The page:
Early Melanopsin Ganglion Cell Dysfunction in Glaucoma
Glaucoma is a disease often associated with increased intraocular pressure (IOP) that causes blindness when the nerve cells that carry information from the eye to the brain, called retinal ganglion cells (RGCs) die. One particular group of RGCs, called melanopsin RGCs, play a critical role in regulating sleep, mood, and pupil constriction, and it is likely that their function is altered during glaucoma. This project seeks to determine how melanopsin RGC performance and signaling to the brain are altered at early stages of glaucoma, after increases in eye pressure, but before RGCs die. This will help doctors understand some of the earliest signs of glaucoma and may lead to the development of entirely new ways to detect the disease at its earliest stages, and thus prevent blindness.
The goal of this project is to determine how the function of neurons in the retina responsible for resetting circadian rhythms and triggering constriction of the pupil are altered at early stages of glaucoma, before irreversible degeneration of retinal ganglion cells (RGCs).
The retina is an elegant piece of neural tissue comprised of several layers of neurons that capture photons and perform early-stage interpretation of visual information. Rod and cone photoreceptors detect light entering the eye and route their signals through bipolar cells to RGCs, which ultimately carry the information to the brain. A unique population of RGCs called “melanopsin RGCs” (mRGCs) possesses the molecular machinery enabling them to generate their own light responses that operate in concert with rod- and cone-driven signals received via bipolar cells. The unique nature of their light responses allow mRGCs to support, “reflexive” light-driven behaviors, such as regulation of mood, sleep, and pupil constriction. mRGCs also have been linked to cancer in shift workers and pain occurring during migraines, highlighting their importance to health.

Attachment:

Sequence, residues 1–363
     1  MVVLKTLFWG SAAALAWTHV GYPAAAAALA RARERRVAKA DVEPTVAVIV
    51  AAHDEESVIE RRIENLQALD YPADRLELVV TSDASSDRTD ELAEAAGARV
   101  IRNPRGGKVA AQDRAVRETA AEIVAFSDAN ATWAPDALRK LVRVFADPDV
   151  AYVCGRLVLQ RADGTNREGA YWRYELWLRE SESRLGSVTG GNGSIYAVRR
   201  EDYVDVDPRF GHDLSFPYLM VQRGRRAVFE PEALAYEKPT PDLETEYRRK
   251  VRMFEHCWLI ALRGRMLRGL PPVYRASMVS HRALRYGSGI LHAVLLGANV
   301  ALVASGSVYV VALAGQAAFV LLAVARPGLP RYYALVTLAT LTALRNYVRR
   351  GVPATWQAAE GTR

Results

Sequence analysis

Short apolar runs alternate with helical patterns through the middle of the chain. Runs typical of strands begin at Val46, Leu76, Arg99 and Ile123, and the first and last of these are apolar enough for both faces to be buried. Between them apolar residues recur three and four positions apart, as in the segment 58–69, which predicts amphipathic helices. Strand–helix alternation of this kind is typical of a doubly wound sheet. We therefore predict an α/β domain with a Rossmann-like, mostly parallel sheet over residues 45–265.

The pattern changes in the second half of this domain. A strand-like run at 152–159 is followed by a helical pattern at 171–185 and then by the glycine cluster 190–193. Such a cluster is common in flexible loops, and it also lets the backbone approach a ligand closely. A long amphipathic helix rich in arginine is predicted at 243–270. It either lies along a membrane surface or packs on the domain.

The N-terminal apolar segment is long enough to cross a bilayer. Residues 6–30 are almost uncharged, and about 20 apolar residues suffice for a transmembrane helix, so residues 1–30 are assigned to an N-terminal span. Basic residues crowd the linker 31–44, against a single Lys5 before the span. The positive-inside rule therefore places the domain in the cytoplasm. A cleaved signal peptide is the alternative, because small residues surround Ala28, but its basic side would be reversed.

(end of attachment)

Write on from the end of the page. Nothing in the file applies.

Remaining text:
Glaucoma is a disease of the eye that causes blindness when RGCs die. We know from studies in human patients and animal models that glaucoma alters the function of many types of RGCs before the onset of irreversible RGC loss. However, whether or how early-stage glaucoma alters the responses of mRGCs is a mystery. Our lab hopes to solve this mystery by using single-neuron electrical recordings to study the function of mRGCs in mouse retinas with glaucoma. We will test whether early stage glaucoma alters the molecular machinery enabling these cells to generate their own light responses, and also whether inputs received from rods and cones via bipolar cells are altered. The second aim of our research seeks to test whether glaucoma leads to changes in the properties of mRGC signaling to the brain. We will use anatomical techniques in concert with single-neuron electrical recordings and measurements of pupil constriction to test whether early-stage glaucoma alters mRGC outputs in regions of the brain specialized for these reflexive responses to environmental light.